The facts are the same as Example 1, except that the national compensation survey divides the data regarding compensation for university presidents into categories based on various university-specific factors, including the size of the institution (in terms of the number of students it serves and the amount of its revenues) and geographic area. The survey data shows that university presidents at institutions comparable to and in the same geographic area as Z receive annual compensation in the range of $200x to $300x. The executive committee of the Board of Trustees of Z relies on the survey data and its evaluation of Q's many years of service as a tenured professor and high-ranking university official at Z in setting Q's compensation at $275x annually. The data relied upon by the executive committee constitutes appropriate data as to comparability.
X is a tax-exempt hospital that is an applicable tax-exempt organization for purposes of section 4958. Before renewing the contracts of X's chief executive officer and chief financial officer, X's governing board commissioned a customized compensation survey from an independent firm that specializes in consulting on issues related to executive placement and compensation. The survey covered executives with comparable responsibilities at a significant number of taxable and tax-exempt hospitals. The survey data are sorted by a number of different variables, including the size of the hospitals and the nature of the services they provide, the level of experience and specific responsibilities of the executives, and the composition of the annual compensation packages. The board members were provided with the survey results, a detailed written analysis comparing the hospital's executives to those covered by the survey, and an opportunity to ask questions of a member of the firm that prepared the survey. The survey, as prepared and presented to X's board, constitutes appropriate data as to comparability.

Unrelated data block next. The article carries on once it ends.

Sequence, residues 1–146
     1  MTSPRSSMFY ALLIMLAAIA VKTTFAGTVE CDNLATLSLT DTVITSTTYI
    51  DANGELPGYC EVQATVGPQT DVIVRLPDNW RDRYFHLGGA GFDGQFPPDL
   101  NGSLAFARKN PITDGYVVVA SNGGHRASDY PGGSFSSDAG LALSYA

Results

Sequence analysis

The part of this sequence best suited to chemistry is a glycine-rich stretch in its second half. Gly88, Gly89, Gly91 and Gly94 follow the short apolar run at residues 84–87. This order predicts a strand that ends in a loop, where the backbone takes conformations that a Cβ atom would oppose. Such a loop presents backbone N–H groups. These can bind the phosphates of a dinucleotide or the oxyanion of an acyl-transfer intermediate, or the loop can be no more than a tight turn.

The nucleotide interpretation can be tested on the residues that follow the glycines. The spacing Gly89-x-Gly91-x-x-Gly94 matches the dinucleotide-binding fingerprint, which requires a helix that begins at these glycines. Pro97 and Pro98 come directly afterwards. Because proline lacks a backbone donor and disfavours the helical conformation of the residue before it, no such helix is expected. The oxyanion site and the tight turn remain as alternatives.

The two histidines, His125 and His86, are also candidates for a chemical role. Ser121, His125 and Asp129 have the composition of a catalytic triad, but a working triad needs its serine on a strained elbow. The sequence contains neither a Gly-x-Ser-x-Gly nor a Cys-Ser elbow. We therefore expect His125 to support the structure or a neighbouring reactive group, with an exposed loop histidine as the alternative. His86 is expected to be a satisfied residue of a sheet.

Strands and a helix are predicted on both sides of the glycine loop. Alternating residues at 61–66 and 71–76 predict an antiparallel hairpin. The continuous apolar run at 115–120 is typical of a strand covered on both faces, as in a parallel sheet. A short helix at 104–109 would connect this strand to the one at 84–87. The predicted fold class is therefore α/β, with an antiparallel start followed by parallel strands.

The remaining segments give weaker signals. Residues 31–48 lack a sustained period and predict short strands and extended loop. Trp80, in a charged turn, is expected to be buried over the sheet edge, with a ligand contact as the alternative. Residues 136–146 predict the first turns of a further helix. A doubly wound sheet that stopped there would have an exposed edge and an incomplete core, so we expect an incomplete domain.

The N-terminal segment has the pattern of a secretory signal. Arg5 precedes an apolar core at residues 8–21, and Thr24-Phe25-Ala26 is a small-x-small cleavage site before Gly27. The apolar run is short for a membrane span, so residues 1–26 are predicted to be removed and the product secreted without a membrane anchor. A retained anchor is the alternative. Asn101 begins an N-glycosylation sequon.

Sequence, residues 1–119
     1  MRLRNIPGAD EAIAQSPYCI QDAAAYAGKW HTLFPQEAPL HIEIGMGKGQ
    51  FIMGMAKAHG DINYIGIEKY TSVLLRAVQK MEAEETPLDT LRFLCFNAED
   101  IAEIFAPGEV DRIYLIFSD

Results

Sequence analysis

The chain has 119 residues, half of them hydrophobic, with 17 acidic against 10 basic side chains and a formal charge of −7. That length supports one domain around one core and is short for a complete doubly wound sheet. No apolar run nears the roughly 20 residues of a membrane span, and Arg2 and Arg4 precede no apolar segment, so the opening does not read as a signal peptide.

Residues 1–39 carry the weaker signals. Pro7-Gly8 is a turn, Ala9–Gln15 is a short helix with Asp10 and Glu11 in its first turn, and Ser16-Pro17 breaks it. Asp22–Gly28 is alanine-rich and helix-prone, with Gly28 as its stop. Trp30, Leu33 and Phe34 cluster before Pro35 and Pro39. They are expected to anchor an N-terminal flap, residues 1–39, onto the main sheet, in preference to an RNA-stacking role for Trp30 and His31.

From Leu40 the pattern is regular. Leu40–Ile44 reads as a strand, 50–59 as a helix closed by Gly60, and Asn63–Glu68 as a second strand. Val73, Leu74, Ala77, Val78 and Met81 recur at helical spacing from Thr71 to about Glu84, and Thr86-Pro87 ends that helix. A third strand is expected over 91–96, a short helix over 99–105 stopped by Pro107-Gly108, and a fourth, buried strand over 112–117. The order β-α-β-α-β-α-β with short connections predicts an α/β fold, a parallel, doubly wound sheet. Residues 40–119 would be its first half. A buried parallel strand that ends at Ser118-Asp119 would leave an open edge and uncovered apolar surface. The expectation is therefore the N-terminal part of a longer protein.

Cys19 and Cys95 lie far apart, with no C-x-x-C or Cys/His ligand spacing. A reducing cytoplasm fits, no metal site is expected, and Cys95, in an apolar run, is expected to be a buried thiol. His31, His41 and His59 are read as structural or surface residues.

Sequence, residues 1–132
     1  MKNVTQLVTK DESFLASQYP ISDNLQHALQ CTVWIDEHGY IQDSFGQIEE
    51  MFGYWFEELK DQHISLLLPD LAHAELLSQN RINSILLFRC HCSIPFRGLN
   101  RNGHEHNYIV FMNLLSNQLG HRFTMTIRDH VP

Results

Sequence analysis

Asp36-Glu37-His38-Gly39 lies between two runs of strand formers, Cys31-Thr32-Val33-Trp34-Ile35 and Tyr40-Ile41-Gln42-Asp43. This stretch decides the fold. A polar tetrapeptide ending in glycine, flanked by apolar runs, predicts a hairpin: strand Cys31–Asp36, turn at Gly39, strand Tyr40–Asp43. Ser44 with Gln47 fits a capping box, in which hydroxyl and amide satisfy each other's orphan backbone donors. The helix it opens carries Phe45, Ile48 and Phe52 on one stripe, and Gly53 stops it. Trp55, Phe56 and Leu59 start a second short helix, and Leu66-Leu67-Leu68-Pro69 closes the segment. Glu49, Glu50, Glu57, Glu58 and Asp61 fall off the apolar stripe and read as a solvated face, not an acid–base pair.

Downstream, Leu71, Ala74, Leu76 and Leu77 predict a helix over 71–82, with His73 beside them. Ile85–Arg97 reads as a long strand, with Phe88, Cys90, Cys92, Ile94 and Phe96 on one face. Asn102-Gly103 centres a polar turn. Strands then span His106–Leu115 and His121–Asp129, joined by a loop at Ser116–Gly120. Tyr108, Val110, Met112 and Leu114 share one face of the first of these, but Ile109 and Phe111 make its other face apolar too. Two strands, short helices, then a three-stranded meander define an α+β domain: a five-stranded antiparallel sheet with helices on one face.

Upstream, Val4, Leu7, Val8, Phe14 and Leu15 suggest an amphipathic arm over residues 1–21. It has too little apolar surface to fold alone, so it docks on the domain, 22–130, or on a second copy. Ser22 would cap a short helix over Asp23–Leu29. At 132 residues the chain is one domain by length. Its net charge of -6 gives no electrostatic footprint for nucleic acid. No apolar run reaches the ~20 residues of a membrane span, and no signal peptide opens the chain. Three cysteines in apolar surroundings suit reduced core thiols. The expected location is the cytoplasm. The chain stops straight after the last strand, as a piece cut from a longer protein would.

The facts are the same as Example 3, except that one year later, X is negotiating a new contract with its chief executive officer. The governing board of X obtains information indicating that the relevant market conditions have not changed materially, and possesses no other information indicating that the results of the prior year's survey are no longer valid. Therefore, X may continue to rely on the independent compensation survey prepared for the prior year in setting annual compensation under the new contract.
W is a local repertory theater and an applicable tax-exempt organization for purposes of section 4958. W has had annual gross receipts ranging from $400,000 to $800,000 over its past three taxable years. In determining the next year's compensation for W's artistic director, the board of directors of W relies on data compiled from a telephone survey of three other unrelated performing arts organizations of similar size in similar communities. A member of the board drafts a brief written summary of the annual compensation information obtained from this informal survey. The annual compensation information obtained in the telephone survey is appropriate data as to comparability.
For a decision to be documented adequately, the written or electronic records of the authorized body must note-
The members of the authorized body who were present during debate on the transaction that was approved and those who voted on it;
The comparability data obtained and relied upon by the authorized body and how the data was obtained; and